UAE Portrait of a Nation: the Dubai schoolboy CEO with the world at his fingertips
Aadithyan Rajesh, 13, heads up his own software company and has his sights set on global success
Schoolboy Aadithyan Rajesh has set his sights on becoming one of the world's leading entrepreneurs before the age of 30.
While many young dreams fall by the wayside as reality and maturity hits, the talented 13-year-old is well on the way to making his come true.
For this isn't just any Dubai youngster thinking big - Aadithyan has already been heralded as the emirate's youngest CEO.
He started his software development at the tender age of 12, successfully juggling his business interests and his studies with a little help from his family.
But he will have to wait another five years before he can register it. Under UAE law, he cannot register the company until he turns 18.
“It all started in 2010 when I came to Dubai,” said Aadithyan, a year eight pupil at Elite English School.
“At that time my father had an extra computer. I had a great fascination with it. I always had a machine with me because whenever I use computers I feel I have a best friend with me. Now, I’m having my own company.”
Aadithyan is speaking from his family’s living room at a flat in Al Qusais, the unofficial headquarters of his company Trinet Solutions.
Born in Thiruvilla, Kerala, he moved to the UAE at age five and began to use BBC Typing, a children’s typing website. By age nine, Aadithyan had designed his first app. At age 12, he launched Trinet Solutions with a neighbour and two schoolmates.
They design apps, logos and websites for companies and have worked with a dozen companies since launching in December, 2017. One friend has since repatriated to India and another moved to Ajman.
In the meantime, he recruited his six-year-old sister Aaradhya who films him for his YouTube channel, A Craze.
He earns pocket money by developing apps and branding for companies but much of his work is voluntary and inspired by what he sees around him. For his teachers, he developed a scheduling app. “When I saw teachers struggling to do that, I helped them.”
When his family was affected by the Kerala floods last August, he used his YouTube channel to raise awareness among his 2,800 global subscribers and called on them to donate to the government of Kerala’s distress relief fund.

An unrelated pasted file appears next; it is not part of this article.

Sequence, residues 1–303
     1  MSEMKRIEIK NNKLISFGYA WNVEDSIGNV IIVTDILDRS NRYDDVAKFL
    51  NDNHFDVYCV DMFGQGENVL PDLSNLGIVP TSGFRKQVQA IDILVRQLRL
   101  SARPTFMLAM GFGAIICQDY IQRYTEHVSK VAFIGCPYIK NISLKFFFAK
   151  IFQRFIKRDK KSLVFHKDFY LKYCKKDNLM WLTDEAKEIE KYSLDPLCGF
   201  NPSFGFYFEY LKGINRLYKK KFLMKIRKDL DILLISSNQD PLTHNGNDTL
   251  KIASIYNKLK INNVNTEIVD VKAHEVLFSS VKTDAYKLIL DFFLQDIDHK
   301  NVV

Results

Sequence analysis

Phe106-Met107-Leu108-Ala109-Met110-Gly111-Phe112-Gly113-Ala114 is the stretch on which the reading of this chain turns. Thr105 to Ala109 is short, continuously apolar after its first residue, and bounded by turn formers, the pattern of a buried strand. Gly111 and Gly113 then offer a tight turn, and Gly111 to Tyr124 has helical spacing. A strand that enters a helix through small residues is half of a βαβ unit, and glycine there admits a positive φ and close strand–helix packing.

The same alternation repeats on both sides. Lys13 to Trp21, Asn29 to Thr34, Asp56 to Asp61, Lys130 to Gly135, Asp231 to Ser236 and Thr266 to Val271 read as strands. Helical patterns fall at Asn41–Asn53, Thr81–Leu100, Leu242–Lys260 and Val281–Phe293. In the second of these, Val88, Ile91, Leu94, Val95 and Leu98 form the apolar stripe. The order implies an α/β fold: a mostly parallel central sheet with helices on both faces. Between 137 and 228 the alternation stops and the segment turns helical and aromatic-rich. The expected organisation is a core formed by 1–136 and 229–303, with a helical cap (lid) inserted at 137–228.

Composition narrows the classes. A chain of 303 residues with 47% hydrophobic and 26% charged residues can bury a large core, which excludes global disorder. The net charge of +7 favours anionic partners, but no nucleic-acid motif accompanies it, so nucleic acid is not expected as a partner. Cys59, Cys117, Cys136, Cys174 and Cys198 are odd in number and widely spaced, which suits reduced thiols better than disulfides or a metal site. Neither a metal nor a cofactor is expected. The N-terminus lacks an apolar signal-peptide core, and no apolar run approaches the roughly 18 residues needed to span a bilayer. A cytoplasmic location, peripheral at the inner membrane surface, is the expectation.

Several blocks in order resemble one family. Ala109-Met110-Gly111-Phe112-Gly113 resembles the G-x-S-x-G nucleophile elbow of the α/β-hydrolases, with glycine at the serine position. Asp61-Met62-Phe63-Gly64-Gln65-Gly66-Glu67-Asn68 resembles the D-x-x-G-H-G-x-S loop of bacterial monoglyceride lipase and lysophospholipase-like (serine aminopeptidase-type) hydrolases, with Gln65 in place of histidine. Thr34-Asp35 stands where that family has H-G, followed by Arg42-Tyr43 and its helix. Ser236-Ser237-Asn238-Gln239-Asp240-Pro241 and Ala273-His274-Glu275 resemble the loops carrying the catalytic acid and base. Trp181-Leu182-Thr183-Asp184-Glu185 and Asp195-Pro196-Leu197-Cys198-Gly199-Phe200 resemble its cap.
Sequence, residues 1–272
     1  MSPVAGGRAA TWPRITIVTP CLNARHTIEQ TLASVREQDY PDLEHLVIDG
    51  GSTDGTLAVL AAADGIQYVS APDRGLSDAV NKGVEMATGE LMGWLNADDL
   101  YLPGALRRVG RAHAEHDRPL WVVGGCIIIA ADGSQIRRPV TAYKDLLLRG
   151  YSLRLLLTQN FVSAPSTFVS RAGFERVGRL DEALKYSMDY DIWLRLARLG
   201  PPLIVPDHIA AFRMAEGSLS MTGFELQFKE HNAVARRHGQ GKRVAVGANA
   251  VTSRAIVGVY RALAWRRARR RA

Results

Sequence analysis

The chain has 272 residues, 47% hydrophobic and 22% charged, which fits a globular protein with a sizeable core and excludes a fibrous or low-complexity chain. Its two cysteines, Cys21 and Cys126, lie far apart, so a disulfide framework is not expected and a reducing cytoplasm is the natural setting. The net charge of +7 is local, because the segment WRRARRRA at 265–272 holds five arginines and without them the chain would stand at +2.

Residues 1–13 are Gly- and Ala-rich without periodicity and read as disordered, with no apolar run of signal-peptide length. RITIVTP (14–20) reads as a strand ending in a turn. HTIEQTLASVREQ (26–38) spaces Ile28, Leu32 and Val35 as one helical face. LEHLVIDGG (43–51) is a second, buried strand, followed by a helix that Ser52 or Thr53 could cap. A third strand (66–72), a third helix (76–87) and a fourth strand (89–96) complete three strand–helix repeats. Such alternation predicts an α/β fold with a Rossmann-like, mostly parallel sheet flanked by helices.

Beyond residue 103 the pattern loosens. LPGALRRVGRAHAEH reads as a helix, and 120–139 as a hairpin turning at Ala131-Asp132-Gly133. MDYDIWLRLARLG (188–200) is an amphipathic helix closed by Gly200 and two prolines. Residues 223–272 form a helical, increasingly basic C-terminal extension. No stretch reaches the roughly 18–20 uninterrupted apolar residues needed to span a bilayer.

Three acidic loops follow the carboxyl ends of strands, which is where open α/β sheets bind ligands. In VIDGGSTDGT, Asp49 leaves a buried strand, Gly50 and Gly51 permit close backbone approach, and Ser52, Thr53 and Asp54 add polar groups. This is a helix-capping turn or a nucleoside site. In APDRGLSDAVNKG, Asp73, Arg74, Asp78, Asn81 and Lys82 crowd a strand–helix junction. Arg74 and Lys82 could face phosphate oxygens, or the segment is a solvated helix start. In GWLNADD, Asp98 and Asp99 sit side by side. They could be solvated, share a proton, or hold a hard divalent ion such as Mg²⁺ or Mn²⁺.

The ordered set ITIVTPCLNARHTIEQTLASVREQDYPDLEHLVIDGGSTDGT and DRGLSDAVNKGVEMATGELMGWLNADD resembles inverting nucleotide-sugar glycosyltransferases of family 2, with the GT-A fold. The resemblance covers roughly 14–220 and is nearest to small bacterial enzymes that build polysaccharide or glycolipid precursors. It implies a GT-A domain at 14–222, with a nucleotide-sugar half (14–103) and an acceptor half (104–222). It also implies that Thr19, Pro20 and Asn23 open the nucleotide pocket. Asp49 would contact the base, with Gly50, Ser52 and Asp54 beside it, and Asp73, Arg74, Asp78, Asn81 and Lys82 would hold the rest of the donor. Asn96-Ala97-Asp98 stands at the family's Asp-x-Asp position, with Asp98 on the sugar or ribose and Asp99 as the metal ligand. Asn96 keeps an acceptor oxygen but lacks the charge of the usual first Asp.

Aadithyan is currently developing an android app that matches blood donors with those in need of transfusion. He hopes it will be picked up by local hospitals and clinics.
At the same time, he is pressing ahead with a commercial app requested by a local company that publishes articles directly to clients.
More Portrait of a Nation
People can be surprised to meet the boy behind the software.
“Actually they think we are big teenagers and all,” said Aadithyan. “But after seeing our website they are happy. I make my clients my families. If I do something for them, I’ll be doing it to the best quality.”
When asked how he balances work with his studies, he pointed to his mother. “She will tell you,” he smiled.
“I told him to pause it sometimes because education is the most important, no?” said his mother, Sreerenjini Rajesh.
Aadithyan rises daily at 6am to study for half an hour before starting school at 8am. After school, he has tuition, does another hour or two of homework and goes to bed after 10pm. In the middle of this, he dedicates about two hours a day to programming.
“He doesn’t have a single minute to sit simply,” said his mother.
But Aadithyan feels there is little time to waste. He has set himself a 15 year plan. He wants to be the best coder in the region within five years, to be one of the leading keynote speakers in the Middle East within a decade and be one of the premier entrepreneurs in the world within 15 years.
In the short term, he wants to help other children learn programming and graphic design through YouTube tutorials and public speaking events.
“If you have a dream in programming you can just get started up,” he said. “Coding is never perfect. If I code something today, in three months I will see that it could be better.”
Updated: May 9, 2019 04:42 PM